The Role Of Big Tech In A COVID-19 World

Featured Audio

A hotbed of technological innovation, the very term “Silicon Valley” was born out of a need to describe the quickly growing tech industry out in California. Ask most people why the San Jose Metropolitan Area, which includes Silicon Valley, is only third behind Zurich, Switzerland and Oslo, Norway, for the largest GDP per capita in the world, and they would respond that it’s simply brimming with talent. According to author Margaret O’Mara, however, the answer is quite complicated.

O’Mara’s book, The Code, is the result of five years’ worth of research into the history of Silicon Valley. A professor of history at the University of Washington, she investigates how the history of tech and America’s political history are deliberately intertwined, a linkage which has become even more relevant as COVID-19 has shifted much of the world into online spaces. The dominance of big tech has become social, political, and personal, and these business giants are massive stakeholders in the formation of a post-COVID world. Twitter recently announced that remote work will become a permanent option for employees – and working from home will last well into 2021 for many Americans. If corporations like Twitter, Apple, or Facebook go online permanently, how much of the world will follow?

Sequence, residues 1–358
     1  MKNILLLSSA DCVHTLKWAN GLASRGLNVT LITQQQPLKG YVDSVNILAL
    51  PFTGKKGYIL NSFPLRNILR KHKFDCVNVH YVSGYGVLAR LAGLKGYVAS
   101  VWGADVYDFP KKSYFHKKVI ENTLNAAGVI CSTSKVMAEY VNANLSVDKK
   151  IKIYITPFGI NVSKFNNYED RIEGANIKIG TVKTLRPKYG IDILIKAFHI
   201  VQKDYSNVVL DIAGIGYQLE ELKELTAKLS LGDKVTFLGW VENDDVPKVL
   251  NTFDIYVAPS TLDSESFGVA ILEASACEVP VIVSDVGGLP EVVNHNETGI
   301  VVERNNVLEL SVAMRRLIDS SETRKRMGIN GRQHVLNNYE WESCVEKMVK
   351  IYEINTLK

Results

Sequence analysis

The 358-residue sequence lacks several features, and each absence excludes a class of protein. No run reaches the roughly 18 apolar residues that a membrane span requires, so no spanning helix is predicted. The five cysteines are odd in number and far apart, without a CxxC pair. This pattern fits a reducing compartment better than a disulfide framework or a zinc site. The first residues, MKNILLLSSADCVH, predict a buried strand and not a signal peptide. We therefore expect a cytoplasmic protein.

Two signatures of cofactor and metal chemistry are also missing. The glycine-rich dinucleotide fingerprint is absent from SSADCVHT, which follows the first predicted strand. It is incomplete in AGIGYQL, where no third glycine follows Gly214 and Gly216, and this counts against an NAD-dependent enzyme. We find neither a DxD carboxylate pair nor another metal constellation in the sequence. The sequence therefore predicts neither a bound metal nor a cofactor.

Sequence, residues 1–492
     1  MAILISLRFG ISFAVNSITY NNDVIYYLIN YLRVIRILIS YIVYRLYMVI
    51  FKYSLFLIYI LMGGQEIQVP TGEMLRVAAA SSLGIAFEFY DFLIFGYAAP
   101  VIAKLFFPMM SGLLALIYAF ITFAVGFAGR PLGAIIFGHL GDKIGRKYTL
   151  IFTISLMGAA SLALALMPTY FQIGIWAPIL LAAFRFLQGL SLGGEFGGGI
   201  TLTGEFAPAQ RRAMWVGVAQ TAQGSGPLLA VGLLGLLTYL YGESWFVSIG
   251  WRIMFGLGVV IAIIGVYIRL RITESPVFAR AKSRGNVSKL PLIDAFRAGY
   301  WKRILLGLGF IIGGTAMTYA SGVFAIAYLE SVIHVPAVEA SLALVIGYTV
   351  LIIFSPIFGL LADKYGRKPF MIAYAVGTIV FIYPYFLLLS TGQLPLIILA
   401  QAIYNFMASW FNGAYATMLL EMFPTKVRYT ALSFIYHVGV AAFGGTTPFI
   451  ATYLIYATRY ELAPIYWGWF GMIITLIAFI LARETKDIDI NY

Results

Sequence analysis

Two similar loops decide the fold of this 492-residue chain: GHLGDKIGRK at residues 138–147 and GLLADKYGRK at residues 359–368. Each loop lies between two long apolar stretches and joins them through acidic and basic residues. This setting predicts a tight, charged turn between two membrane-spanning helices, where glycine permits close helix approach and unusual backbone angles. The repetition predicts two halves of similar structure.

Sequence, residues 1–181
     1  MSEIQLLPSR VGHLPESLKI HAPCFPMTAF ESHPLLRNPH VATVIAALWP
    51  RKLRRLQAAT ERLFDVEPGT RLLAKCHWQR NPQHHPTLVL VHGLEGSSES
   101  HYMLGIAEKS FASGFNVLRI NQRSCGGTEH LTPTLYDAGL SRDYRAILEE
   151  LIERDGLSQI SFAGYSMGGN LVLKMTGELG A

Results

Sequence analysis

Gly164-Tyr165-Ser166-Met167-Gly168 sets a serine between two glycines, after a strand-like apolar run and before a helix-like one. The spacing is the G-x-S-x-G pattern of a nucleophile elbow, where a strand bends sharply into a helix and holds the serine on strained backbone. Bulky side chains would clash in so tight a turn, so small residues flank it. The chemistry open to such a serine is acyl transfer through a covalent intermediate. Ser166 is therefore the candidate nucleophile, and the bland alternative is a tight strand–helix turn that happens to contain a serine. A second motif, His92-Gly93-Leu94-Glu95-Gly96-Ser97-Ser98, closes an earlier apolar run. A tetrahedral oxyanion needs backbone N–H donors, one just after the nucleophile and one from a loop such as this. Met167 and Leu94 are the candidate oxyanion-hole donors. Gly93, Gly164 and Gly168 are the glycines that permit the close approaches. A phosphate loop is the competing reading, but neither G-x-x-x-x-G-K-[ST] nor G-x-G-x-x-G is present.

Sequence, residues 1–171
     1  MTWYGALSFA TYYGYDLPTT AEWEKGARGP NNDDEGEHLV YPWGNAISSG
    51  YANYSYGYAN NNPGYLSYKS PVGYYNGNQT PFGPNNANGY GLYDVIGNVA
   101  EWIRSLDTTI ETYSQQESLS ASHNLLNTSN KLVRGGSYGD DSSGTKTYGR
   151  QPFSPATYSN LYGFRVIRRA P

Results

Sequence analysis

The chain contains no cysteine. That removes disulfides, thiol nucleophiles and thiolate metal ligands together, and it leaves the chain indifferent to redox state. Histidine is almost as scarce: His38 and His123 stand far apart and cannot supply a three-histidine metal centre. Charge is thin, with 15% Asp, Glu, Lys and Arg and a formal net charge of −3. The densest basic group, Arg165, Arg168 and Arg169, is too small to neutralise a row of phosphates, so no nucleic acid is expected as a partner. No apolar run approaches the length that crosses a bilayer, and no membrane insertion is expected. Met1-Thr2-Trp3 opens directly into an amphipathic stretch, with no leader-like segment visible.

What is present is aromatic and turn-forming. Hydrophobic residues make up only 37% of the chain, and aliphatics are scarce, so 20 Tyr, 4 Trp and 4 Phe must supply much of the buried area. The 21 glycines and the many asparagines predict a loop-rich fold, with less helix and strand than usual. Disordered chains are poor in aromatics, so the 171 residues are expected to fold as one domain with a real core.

Guests: 

Margaret O'Mara, Ph.D.
Howard & Frances Keller Endowed Professor of History, University of Washington, and author, "The Code: Silicon Valley and the Remaking of America"

Dan Moulthrop
CEO, The City Club of Cleveland

Support Provided By

More Wcpn Schedule
More Wclv Schedule
Schedule
Donate
90.3 WCPN
WCLV Classical 104.9
NPR Hourly Newscast
The Latest News and Headlines from NPR
This text will be replaced with a player.
This text will be replaced with a player.
This text will be replaced with a player.